Ignatius of Loyola offers us a vision in the Spiritual Exercises, his guidebook for our journey toward a closer relationship with God. It inspires us to reflect on who we are before God, why we were created, and what our response should be. It’s not unlike a question posed in the Baltimore Catechism: “Why did God make me?” We recited: “God made me to know him, to love him, and to serve him, and to be happy with him forever in heaven.” Ignatius offers a reflection called “The Principle and Foundation” which David L. Fleming, S.J. translates: God who loves us creates us and wants to share life with us forever. Our love response takes shape in our praise and honor and service of the God of our life. God is constantly seeking a relationship with us. Let us show our gratitude for this gift in how we cultivate relationships in all aspects of our lives.
Pedro Arrupe, S.J. was born in 1907 in the Basque region of Spain and joined the Jesuits in 1927. He was sent to Japan in 1938, expecting to do mission work for the remainder of his life. Following the Pearl Harbor attack, Arrupe was imprisoned, believing he would be executed for espionage, but was released after 33 days. This experience instilled in him a profound trust in God. In 1958 he was appointed the first Jesuit provincial for Japan. He was elected Father General of the Society and served from 1965 until 1983. Arrupe and Saint Ignatius of Loyola were the only Basques to hold this position. He was wheeled in during the opening of the 33rd General Congregation and read his final prayer expressing the profound spiritual experience “to know and feel myself so totally in God’s hands.” Fr. Pedro Arrupe, S.J. died February 5, 1991; his body lies in a side chapel in the Church of the Gesu in Rome.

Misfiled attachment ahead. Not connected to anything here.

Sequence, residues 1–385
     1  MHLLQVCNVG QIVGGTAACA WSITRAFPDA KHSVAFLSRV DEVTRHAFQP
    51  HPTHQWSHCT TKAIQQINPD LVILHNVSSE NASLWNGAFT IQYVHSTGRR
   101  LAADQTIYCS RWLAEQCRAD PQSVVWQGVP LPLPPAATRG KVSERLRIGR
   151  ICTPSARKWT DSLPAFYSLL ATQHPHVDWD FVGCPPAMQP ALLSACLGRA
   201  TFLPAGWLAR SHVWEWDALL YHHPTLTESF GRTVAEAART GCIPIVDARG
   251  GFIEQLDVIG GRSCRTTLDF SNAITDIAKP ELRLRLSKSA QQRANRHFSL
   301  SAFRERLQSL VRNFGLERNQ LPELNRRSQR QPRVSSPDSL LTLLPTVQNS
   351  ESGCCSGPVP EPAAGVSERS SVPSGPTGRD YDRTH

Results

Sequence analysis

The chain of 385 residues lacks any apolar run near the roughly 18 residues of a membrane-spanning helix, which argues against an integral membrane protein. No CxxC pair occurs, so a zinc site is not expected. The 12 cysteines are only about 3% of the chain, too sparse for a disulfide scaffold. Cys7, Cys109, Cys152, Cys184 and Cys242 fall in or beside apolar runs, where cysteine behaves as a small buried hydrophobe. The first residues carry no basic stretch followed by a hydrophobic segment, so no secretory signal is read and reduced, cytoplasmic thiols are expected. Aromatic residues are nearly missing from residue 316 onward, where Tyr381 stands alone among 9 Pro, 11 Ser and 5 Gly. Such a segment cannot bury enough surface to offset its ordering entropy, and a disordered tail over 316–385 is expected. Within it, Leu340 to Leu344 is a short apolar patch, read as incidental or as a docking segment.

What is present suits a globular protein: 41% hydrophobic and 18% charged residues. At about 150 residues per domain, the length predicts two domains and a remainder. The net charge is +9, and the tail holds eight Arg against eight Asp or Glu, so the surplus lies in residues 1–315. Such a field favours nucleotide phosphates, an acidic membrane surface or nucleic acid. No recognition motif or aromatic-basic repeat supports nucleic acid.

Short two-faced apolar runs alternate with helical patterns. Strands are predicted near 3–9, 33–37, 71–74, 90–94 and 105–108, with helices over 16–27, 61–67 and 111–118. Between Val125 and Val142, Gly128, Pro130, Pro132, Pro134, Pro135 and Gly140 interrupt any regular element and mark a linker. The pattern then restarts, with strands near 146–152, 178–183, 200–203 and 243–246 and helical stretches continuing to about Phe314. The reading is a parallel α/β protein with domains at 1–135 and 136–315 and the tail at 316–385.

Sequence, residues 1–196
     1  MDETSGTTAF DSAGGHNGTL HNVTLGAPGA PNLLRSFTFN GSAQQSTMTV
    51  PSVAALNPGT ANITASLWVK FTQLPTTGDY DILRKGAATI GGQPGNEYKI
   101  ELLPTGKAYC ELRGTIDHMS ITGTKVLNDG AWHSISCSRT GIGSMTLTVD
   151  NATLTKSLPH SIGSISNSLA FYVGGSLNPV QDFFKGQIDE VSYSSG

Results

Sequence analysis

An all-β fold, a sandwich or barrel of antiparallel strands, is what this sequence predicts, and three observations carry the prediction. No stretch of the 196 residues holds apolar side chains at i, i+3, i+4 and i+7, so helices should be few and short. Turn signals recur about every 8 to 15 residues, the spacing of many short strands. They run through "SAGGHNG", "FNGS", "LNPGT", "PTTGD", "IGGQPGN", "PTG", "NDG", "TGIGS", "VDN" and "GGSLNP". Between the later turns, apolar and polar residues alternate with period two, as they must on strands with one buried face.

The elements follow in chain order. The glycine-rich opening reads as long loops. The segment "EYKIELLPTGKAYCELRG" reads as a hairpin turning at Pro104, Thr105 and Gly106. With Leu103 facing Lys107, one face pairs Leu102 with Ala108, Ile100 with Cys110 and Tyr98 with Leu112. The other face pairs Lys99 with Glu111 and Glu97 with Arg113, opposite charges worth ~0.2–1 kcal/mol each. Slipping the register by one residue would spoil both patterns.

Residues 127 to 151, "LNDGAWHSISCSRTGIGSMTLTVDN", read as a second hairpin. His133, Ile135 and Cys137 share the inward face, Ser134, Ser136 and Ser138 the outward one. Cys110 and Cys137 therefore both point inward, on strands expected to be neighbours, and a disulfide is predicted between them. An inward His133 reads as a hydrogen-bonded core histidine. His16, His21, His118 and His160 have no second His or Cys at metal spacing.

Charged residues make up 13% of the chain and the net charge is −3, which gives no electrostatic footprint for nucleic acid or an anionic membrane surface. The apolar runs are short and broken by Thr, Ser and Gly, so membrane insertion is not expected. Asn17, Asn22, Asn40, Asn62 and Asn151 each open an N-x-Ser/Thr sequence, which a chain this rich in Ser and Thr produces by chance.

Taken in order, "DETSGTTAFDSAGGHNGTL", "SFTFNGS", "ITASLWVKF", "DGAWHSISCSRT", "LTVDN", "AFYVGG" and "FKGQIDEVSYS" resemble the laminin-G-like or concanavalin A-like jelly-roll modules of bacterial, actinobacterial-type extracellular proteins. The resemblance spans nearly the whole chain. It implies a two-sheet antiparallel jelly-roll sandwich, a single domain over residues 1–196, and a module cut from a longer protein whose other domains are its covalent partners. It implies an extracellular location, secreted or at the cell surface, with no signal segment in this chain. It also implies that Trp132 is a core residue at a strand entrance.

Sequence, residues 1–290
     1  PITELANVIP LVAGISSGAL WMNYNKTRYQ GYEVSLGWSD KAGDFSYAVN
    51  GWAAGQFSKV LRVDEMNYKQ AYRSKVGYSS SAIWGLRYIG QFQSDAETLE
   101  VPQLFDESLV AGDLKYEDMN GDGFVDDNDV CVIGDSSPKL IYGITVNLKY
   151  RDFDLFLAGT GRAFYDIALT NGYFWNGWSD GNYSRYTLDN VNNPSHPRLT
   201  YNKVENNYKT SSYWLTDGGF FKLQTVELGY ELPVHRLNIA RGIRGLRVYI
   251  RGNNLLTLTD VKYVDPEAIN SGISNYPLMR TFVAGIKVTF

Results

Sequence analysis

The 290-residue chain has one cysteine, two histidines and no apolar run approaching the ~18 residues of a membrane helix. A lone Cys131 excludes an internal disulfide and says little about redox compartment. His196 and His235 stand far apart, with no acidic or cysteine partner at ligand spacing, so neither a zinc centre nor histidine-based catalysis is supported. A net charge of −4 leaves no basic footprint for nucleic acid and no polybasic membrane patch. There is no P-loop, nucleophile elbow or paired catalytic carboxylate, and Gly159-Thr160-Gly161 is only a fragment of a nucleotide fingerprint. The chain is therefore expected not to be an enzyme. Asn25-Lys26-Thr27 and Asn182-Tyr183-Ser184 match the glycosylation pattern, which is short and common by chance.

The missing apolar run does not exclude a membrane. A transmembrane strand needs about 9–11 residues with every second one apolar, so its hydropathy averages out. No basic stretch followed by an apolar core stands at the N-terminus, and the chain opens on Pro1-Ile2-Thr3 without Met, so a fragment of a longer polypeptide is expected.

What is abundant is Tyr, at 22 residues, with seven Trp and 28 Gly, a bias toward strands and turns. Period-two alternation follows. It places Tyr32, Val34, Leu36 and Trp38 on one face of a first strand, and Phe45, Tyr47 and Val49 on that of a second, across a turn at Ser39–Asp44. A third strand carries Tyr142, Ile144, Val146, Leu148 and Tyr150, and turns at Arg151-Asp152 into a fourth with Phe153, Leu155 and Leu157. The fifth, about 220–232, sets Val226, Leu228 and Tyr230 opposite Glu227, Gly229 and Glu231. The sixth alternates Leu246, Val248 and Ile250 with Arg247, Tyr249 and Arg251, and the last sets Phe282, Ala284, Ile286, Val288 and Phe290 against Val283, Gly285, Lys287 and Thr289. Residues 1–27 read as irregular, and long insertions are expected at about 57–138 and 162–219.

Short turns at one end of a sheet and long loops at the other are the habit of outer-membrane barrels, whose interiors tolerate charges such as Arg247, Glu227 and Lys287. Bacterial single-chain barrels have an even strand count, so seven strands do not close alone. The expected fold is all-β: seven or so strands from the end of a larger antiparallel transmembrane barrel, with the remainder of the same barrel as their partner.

In the fall of 2015 Gesu presented a retreat “Praying with St. Ignatius.” Facilitators from the Jesuit Retreat House met weekly with about 20 participants. We experienced praying in traditional Ignatian ways of lectio divina and imaginative Gospel contemplation. Small groups shared insights about the Gospel and offered personal reflections in a setting of trust and companionship. Our monthly ’Ignatian Prayer and Faith Sharing’ gatherings have followed this format. Participants enjoy these and receive many benefits. Some remarks: “Individual reflection and group sharing are supportive and prompt new insights;” “a very profound experience; it bolstered spiritual growth and enrichment with sharing;” an “excellent hour with everyone exchanging ideas towards relationship with Jesus.”
Monthly “Ignatian Prayer & Faith Sharing” is for anyone who wants to pray! Participants experience two methods of praying with Scripture that open us to see God in our lives through an Ignatian lens. We listen to the coming Sunday’s Gospel, and often other readings for that particular Mass, while letting God show us what he wants us to see. If directed to pray with lectio divina, we listen for a word or phrase that ‘jumps out’ with personal meaning for us. We ask God to illuminate the significance of this word or phrase as it becomes part of us—to speak into our present as well as our future. In imaginative Gospel contemplation we enter or into the story using our senses and imagination. We place ourselves in the scene: observing, participating, interacting, trusting that we are encountering Jesus. The goal is to be with God in prayer and in conversation. He is present to us; he is the goal. Please consider joining us on Thursday, March 16 at 7:30 pm in the Sacred Heart Room. … we would love to have you!
Lent begins this week! Ash Wednesday occurs 46 days before Easter, in remembrance of Jesus’ fasting in the desert for 40 days. Every Sunday commemorates the Sunday of Christ’s resurrection, so fasting is excluded from the six Sundays in Lent. Ashes made from the palm branches blessed on last year’s Palm Sunday are placed in the form of a cross on foreheads of participants, with the words ‘Turn away from sin and be faithful to the gospel’ or ‘Remember, you are dust and to dust you will return.’ How do YOU prepare for Lent? Prayer, fasting, and charitable giving continue to be excellent practices during Lent or at any time. But, consider asking yourself this: “How do I prepare myself for this season? What needs to happen within myself so that my actions on the outside are filled with greater purpose, intention, and integrity? It is good to have a plan for doing; it is also good to have a plan for being!